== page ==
One interpretation of this scene is that the man has died to his initial, mortal life, merged with this bird, his spirit guide, and returned to be a shaman for his people. Whether his death is literal, or a metaphorical transformation through his experience in the cave, no one knows.

In another remote location, The Chamber of the Felines, there is very simple imagery. For all the grandeur of the murals in the Hall of the Bulls, the images in the Chamber of the Felines are simple and crude. They aren’t paintings or pigment-based drawings, but a sort of etching. Perhaps a simple image of a feline that a single person scratched on the dark wall as they crawled through the tiny passage. And then a palimpsest as different vision-questers draw their own experiences on the secret walls, one on top of the other.

Where is the Art?

Where is the art at Lascaux? Is it the artifacts? The objects? If Sotheby’s could cut the paintings and drawings off the walls and auction them off to wealthy bankers, would they?

If an SLEA artist could install a Byzantine Lascaux-like full-region installation for others to crawl through, would that be the art?

Or is the true “art” of Lascaux the experience that those ancient humans had as they built their culture in that cave?

Yes, we are fortunate today to be able to see a few artifacts of that culture and its practices. But the paintings on the walls are only the surface of an elaborate cultural practice that we can but guess about today.

Pei May & Pei Twang cooking participants in a huge microwave oven at Odyssey Performance Simulator, 2009.


Wither SLEA?

SLEA seems poised to embrace the best of LEA. I hope SLEA will also find a way to embrace the Public Art and Performance Art legacy of Odyssey in their programming.

Twitter Torture/MGandhi in Jail, 2009-2010. A young Vanessa Blaylock visits MGandhi Chakrabarti in a British Prison at Odyssey Performance Simulator in 2010. After RL Gandhi’s Salt March he was incarcerated in a British prison. The year after his SL Mainland Salt March, Chakrabarti performed a 9-month prison sentence at Odyssey.

More Incubators

In addition to the departing UWA and the arriving SLEA, there are at least 3 new-ish incubators (do you know of others?) that have tried to fill the void left in the wake of LEA’s ending:

You Should Apply!

We are in a rare moment. Today you can submit to both the last-ever UWA exhibition and the first-ever SLEA exhibition!

Whether you are a maker of objects, or a co-creator of ephemeral community experiences, I encourage you to participate!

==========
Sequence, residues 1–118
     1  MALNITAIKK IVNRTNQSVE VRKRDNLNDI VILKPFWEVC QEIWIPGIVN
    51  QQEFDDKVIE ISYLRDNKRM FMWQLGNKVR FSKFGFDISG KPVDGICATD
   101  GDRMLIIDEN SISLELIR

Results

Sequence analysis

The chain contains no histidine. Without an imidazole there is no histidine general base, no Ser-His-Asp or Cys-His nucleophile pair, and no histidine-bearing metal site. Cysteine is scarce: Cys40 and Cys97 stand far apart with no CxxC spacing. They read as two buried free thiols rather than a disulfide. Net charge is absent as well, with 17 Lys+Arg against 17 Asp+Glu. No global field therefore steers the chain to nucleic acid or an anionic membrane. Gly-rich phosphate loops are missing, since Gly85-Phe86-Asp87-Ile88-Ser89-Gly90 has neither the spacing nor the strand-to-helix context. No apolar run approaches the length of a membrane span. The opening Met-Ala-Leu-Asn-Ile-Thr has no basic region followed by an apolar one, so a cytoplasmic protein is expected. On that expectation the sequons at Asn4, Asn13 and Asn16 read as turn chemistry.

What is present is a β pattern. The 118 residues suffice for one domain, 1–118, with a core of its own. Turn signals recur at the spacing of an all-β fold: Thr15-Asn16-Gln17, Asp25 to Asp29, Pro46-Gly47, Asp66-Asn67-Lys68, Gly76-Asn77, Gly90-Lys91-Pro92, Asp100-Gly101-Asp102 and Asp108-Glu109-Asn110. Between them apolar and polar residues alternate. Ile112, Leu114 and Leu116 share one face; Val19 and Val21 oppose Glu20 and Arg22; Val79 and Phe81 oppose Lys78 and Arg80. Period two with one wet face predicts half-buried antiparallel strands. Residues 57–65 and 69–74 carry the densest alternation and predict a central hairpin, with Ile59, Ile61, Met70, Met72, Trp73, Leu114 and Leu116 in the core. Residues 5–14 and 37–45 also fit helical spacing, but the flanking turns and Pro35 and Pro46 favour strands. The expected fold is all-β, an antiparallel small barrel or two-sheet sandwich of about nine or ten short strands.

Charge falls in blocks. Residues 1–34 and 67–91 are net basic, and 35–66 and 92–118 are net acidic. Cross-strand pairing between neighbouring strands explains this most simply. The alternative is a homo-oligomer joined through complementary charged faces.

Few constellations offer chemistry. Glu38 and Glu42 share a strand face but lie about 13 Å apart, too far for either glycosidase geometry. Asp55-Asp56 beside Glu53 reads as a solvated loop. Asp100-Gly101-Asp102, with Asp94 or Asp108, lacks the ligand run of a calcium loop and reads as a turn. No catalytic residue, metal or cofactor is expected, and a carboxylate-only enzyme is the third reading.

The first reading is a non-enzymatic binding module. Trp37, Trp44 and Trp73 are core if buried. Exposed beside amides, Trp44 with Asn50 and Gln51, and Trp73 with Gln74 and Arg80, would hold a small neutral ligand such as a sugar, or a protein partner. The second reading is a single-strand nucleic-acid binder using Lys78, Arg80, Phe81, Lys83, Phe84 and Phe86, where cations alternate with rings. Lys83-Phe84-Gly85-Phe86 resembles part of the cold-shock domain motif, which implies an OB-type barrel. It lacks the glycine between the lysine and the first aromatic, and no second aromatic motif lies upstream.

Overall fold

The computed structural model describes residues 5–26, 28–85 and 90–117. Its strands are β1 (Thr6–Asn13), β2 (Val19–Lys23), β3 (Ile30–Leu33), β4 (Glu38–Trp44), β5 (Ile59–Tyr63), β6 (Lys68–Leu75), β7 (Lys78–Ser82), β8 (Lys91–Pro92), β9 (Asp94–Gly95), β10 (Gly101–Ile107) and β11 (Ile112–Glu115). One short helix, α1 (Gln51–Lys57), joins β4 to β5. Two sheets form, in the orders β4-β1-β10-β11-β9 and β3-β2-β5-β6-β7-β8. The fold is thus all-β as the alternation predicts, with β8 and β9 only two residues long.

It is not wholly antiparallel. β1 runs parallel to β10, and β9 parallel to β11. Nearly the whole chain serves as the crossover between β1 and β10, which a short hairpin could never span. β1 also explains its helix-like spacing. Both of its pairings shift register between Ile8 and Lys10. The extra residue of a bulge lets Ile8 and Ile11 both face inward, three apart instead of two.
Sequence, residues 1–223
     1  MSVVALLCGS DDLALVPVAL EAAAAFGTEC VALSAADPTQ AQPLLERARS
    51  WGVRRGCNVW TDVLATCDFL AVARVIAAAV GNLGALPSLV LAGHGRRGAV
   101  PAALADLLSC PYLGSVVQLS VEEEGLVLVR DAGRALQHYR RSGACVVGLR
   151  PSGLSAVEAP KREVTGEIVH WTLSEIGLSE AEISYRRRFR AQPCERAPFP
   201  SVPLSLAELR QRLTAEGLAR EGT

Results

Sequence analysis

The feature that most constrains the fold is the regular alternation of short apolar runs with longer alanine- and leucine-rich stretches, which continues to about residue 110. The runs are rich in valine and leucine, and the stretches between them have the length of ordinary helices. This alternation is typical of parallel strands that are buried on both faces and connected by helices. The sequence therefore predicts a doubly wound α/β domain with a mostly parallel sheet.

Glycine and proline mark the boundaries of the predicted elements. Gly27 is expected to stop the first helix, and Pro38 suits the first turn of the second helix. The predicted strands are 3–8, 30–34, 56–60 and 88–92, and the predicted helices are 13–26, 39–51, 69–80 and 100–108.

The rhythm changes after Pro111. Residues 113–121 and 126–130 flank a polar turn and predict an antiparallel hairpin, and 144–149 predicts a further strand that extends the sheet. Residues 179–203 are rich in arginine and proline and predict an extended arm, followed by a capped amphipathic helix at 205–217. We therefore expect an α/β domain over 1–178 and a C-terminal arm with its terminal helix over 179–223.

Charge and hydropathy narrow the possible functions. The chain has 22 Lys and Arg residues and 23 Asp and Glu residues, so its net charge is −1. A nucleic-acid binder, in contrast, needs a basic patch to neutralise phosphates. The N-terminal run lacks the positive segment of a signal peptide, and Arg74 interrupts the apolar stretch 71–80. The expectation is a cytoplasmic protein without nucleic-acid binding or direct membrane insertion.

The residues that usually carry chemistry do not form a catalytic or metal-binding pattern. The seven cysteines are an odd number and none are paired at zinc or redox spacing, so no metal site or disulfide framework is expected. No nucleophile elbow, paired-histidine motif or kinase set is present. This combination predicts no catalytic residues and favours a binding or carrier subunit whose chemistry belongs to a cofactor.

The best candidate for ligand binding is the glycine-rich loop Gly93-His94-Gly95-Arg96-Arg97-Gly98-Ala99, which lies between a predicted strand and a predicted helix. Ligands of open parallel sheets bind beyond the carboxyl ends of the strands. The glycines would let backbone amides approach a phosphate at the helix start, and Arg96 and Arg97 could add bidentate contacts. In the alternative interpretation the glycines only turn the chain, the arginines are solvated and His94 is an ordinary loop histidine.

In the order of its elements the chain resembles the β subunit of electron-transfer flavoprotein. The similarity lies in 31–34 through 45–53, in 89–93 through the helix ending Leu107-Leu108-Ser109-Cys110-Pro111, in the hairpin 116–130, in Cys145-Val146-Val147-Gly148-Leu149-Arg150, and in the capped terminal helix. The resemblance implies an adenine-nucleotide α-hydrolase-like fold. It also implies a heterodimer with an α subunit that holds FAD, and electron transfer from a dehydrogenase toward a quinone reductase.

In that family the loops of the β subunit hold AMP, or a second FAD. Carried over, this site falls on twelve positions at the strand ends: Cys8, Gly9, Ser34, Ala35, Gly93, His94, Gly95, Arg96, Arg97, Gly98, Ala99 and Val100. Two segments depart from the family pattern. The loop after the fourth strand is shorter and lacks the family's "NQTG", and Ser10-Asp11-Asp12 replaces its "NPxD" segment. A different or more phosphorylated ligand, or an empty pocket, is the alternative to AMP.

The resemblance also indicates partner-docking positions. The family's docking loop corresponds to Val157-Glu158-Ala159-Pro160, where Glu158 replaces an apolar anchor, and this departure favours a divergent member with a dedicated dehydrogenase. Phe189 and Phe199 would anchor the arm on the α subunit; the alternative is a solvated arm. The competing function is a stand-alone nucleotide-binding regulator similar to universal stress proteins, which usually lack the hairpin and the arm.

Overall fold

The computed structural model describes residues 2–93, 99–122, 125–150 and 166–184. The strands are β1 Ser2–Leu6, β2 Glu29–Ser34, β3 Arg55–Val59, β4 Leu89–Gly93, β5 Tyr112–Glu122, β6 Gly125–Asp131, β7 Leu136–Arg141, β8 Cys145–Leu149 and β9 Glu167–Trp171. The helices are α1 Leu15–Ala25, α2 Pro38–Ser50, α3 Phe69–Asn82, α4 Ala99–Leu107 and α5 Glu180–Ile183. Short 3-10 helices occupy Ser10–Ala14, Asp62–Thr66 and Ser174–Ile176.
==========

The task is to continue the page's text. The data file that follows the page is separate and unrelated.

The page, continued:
Vanessa Blaylock's signature


  1. riannahavora

    Thank you for the wonderful perspective! Yes, art in SL is extremely diverse and all should be appreciated and considered. I have met amazing people in the art community. Sometimes art isn’t so obvious, it’s subtle… then there is art that is in your face just amazing. But it’s also the people behind the art, who are as unique as the exhibits that they make. And everyday is an art form in my opinion. Everyday we have the opportunity to influence and invoke emotions. Make it the best that you can.

    Art comes and goes, as do the places in SL. The ability to grow an evolve will be a big factor in SLEA. To sense what is needed for the artists and be able to accommodate that need. To remain, flexible, open and compassionate. It can be done. But will be entirely up to the administration of SLEA.

    1. Vanessa Blaylock

      Great point, Riannah! I agree – I do think “it’s also the people behind the art”. As you can tell from the blog post, I’m not that interested in object production. For me, I think “the art” tends to reside in the body of the artist. It’s not so much what you do or what you make, but the mental “state of art” that one has in pursuing ideas across the breadth of their oeuvre.

      Aimee Bender’s short story collection Willful Creatures includes a short story The Case of the Salt & Pepper Shakers. There’s been a murder – if I recall, maybe a wife and husband are both dead – and it seems obvious what happened. Open and shut case.

      But the inspector is puzzled by why they had 13 pairs of salt and pepper shakers. No one else cares, but he is obsessed with it. In the narrative he offers,

      If I am to be a genuine investigator, then I must follow what I believe needs investigating.

      The character in Bender’s story is an inspector. But I think his truth applies equally for artists. To follow what you believe needs investigating. For me, ultimately, the facts, or the objects, are not as important as the art impulse that can only be sited in the body of the artist.